How Do You Game in 2022?

My pro­gres­sion into gam­ing was pret­ty straight­for­ward. I start­ed with a VIC 20, fol­lowed by a Com­modore 64, then an Apple IIGS, got a SEGA Gen­e­sis for Christ­mas junior year, then off to col­lege with a Hewlett Packard Pavil­lion. My PlaySta­tion 1 got me through grad school and a PS2 got me through years of under­em­ploy­ment. I dropped my Sony loy­al­ty, get­ting an Xbox 360 when we bought our first house. I upgrad­ed to a Forza Xbox One when I went to Ford. We added a PlaySta­tion 4 Pro a few Christ­mases ago, then to an Xbox Series X last spring. My youngest got a Nin­ten­do Switch some­where along the way, too. This Christ­mas we added a PlaySta­tion 5 and an Ocu­lus Quest 2.

It’s at once embar­rass­ing and over­whelm­ing to try to man­age four gam­ing sys­tems simul­ta­ne­ous­ly and eval­u­ate which games make sense for which plat­form. I’ve tried to sim­pli­fy things with Xbox Game Pass Ulti­mate as part of the Series X pur­chase. That’s been help­ful from a dis­cov­ery and every day play stand­point for count­less titles that would­n’t have been worth $60 or more to prove disappointing. 

Where things get trick­i­er is know­ing which Switch titles are actu­al­ly good for a 2nd grad­er. He’s a good read­er, but some of the games ask a lot of the play­er. Addi­tion­al­ly, try­ing to stay on top of PlaySta­tion exclu­sives may be a chal­lenge. I’ve his­tor­i­cal­ly been an EA devo­tee, so sto­ry-ori­ent­ed games are a bit of a blind spot for me. I’ve pur­chased so many games I nev­er had a hope of fin­ish­ing once we had kids. I did­n’t do a great job man­ag­ing across plat­forms on the last gen con­soles we had pri­mar­i­ly because friends had PlaySta­tion and the prospect of play­ing togeth­er online in the pan­dem­ic was attrac­tive. It has hap­pened maybe a hand­ful of times.

Final­ly, Ocu­lus Quest 2 is new ter­ri­to­ry alto­geth­er. I’ve been gen­er­al­ly bear­ish on VR with the excep­tion of some indus­tri­al appli­ca­tions. What I’ve seen in the last week are some pret­ty sim­ple games that are fine, if not espe­cial­ly immer­sive and fun. Look­ing at this list from the Verge, it looks like there are few com­pelling options for a sports-for­ward kid.

What’s com­ing in 2022 that’s worth look­ing out for?

Another Year Trapped in Amber

I was try­ing to find the right way to describe how 2021 felt and then I read this:

For Niko­las Tsamouta­l­idis, an assis­tant prin­ci­pal, the most vivid image of the post-pan­dem­ic stu­dent body was at lunch this year, when he saw ninth graders — whose last full year in school was sev­enth grade — prepar­ing to play “Duck, Duck, Goose.” “It’s like fifth or sixth graders,” he said, “but in big bodies.”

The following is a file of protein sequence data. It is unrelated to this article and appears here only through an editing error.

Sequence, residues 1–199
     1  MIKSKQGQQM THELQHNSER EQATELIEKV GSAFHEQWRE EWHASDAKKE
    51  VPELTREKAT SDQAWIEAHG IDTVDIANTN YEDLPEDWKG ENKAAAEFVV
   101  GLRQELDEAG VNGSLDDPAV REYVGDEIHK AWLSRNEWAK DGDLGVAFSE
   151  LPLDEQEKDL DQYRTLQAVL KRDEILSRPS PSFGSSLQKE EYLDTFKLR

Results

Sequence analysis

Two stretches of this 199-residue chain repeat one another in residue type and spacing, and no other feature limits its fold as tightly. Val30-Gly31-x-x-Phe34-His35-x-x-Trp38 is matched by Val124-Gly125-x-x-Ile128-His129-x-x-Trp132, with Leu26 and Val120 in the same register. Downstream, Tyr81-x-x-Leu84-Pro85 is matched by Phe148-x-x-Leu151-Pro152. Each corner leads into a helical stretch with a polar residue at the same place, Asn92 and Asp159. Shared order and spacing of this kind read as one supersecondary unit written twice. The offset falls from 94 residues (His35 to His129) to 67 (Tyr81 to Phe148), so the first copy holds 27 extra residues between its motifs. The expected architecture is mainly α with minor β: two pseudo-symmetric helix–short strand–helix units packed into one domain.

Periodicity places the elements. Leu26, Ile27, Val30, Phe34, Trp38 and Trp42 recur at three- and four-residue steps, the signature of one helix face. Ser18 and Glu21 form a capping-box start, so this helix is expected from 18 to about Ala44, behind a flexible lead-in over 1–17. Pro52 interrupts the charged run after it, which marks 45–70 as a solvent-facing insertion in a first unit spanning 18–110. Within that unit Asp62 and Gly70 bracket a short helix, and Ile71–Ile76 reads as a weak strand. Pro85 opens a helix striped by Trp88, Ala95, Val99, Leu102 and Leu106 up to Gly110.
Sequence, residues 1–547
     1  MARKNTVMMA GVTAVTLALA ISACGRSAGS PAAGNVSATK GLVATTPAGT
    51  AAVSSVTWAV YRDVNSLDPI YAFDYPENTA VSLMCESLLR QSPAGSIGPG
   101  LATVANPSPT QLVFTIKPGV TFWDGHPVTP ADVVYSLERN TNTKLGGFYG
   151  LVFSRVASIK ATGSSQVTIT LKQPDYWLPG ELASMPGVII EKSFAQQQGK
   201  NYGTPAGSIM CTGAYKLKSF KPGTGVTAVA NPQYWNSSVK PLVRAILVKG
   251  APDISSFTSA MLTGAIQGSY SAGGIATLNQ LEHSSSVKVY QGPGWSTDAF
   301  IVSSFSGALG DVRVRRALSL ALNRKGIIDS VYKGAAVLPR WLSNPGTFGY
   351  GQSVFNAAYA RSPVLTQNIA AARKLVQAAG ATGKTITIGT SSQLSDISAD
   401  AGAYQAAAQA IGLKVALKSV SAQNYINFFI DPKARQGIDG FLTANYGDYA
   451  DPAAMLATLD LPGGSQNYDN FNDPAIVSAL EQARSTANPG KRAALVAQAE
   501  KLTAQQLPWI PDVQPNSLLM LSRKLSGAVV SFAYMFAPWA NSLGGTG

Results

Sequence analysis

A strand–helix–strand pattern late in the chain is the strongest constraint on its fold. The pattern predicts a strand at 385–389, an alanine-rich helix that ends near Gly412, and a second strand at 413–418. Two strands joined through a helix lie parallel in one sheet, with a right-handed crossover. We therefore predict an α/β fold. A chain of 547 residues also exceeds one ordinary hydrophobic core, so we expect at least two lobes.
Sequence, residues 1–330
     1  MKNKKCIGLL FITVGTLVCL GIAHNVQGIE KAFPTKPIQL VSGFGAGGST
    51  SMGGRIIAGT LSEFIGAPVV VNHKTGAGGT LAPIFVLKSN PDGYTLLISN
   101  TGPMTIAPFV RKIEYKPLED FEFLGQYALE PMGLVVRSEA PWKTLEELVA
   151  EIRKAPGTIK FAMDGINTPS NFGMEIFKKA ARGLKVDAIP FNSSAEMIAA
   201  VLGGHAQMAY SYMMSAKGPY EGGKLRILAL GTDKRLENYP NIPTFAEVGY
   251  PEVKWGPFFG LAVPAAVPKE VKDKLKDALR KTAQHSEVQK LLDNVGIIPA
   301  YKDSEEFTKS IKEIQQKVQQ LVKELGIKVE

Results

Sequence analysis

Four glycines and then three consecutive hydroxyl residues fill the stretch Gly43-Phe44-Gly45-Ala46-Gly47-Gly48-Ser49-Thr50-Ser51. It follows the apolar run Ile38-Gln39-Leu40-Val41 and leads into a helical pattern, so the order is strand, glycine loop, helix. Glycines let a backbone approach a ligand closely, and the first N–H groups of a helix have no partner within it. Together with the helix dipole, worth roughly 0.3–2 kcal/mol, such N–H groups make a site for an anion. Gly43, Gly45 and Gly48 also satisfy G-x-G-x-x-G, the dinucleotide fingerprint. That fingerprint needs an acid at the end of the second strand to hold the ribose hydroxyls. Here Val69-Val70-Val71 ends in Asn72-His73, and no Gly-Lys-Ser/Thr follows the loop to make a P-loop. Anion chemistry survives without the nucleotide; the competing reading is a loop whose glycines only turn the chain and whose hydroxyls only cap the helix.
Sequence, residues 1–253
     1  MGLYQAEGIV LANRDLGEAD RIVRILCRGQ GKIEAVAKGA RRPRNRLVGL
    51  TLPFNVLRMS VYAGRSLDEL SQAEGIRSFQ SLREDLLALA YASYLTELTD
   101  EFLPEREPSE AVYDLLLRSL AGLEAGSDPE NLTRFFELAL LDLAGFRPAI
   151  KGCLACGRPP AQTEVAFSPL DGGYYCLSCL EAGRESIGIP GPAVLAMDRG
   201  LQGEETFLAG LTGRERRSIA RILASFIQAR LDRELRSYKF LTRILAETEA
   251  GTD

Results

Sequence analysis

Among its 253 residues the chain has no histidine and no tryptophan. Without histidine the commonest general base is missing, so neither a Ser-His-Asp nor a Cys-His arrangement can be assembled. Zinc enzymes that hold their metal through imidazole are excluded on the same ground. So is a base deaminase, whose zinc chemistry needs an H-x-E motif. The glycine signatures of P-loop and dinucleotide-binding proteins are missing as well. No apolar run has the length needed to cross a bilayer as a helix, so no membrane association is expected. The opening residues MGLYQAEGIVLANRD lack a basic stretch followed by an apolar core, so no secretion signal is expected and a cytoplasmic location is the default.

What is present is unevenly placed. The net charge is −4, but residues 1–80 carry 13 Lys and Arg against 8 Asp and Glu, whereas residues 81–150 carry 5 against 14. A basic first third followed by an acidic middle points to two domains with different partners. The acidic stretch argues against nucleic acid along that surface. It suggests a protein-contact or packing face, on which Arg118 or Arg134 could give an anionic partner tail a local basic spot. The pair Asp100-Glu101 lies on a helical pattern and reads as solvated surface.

New York Times

There was a meme float­ing around Face­book this year that went direct­ly to the heart of this, name­ly, that the last “nor­mal” year for a 7th grad­er was 4th grade so the above hit me hard. I cer­tain­ly see it first­hand with my own kids, but rec­og­nize how adults have been impact­ed, too.

At the out­set of the pan­dem­ic, we quick­ly make some risk assess­ments around our pod. They weren’t per­fect; in fact it was com­plete­ly porous, but pared down nev­er­the­less. Our core group was real­ly three fam­i­lies. It has­n’t changed much since. We vis­it­ed Michi­gan twice this year and it was like step­ping back into our social lives.

At the out­set of the pan­dem­ic, it tru­ly felt like an oppor­tu­ni­ty to com­plete­ly reimag­ine our­selves and how we live our lives. It’s felt more like try­ing to get tooth­paste back into the tube, espe­cial­ly as new vari­ants emerge and dis­rupt our lives again and again. How can we as a soci­ety real­is­ti­cal­ly address these challenges?

Remembering Jack Ramsay

My dad died a week ago. We had a com­pli­cat­ed relationship.

What can I say about him? He was a mys­te­ri­ous man. I have few specifics. What I have are some details that paint a gauzy pic­ture of whom I under­stand him to be, or to have been.

I know that his child­hood was fraught. That his father was abu­sive. That his moth­er was abusive. He grew up in West Philadel­phia at 61st and Girard. He had a guardian angel in his aunt Helen, who was also his par­ents’ land­lord. I knew her. He loved her very much.

While details of his boy­hood were scarce, he told amaz­ing sto­ries about his ado­les­cence. As I’ve heard from many Philadel­phi­ans his age, every­one seemed to fight con­stant­ly. The vio­lence was spon­ta­neous and intense. A neigh­bor­hood goon would ter­ror­ize the trol­ley. The plot of land that became Samuel Gom­pers Ele­men­tary School was a Gangs of New York-esque bat­tle­field where my dad punched the lead singer of the Dovells in the nose, or so he claimed. They beat each oth­er with spin­dles from stoop stair­cas­es. Philadel­phia in the ’50s was wild.

He loved bas­ket­ball and played at Over­brook. The team was led by Walt Haz­zard. My dad told me that the top eight play­ers went on to play pro­fes­sion­al­ly. He was not among them.

To hear him tell it, Philadel­phia was so dan­ger­ous, he felt com­pelled to enlist. He claimed that going into the ser­vice saved him from Grater­ford. He joined the Navy and was an air­plane elec­tri­cian aboard the U.S.S. Ticon­dero­ga. I only recent­ly real­ized he was aboard dur­ing the Gulf of Tonkin inci­dent. He wit­nessed a pilot be butchered by a plane pro­peller. For all the sto­ries he would tell about surf­ing through­out Asia, the war deeply affect­ed him. He rarely spoke about it and was sharply crit­i­cal of those who reimag­ined them­selves as war heroes.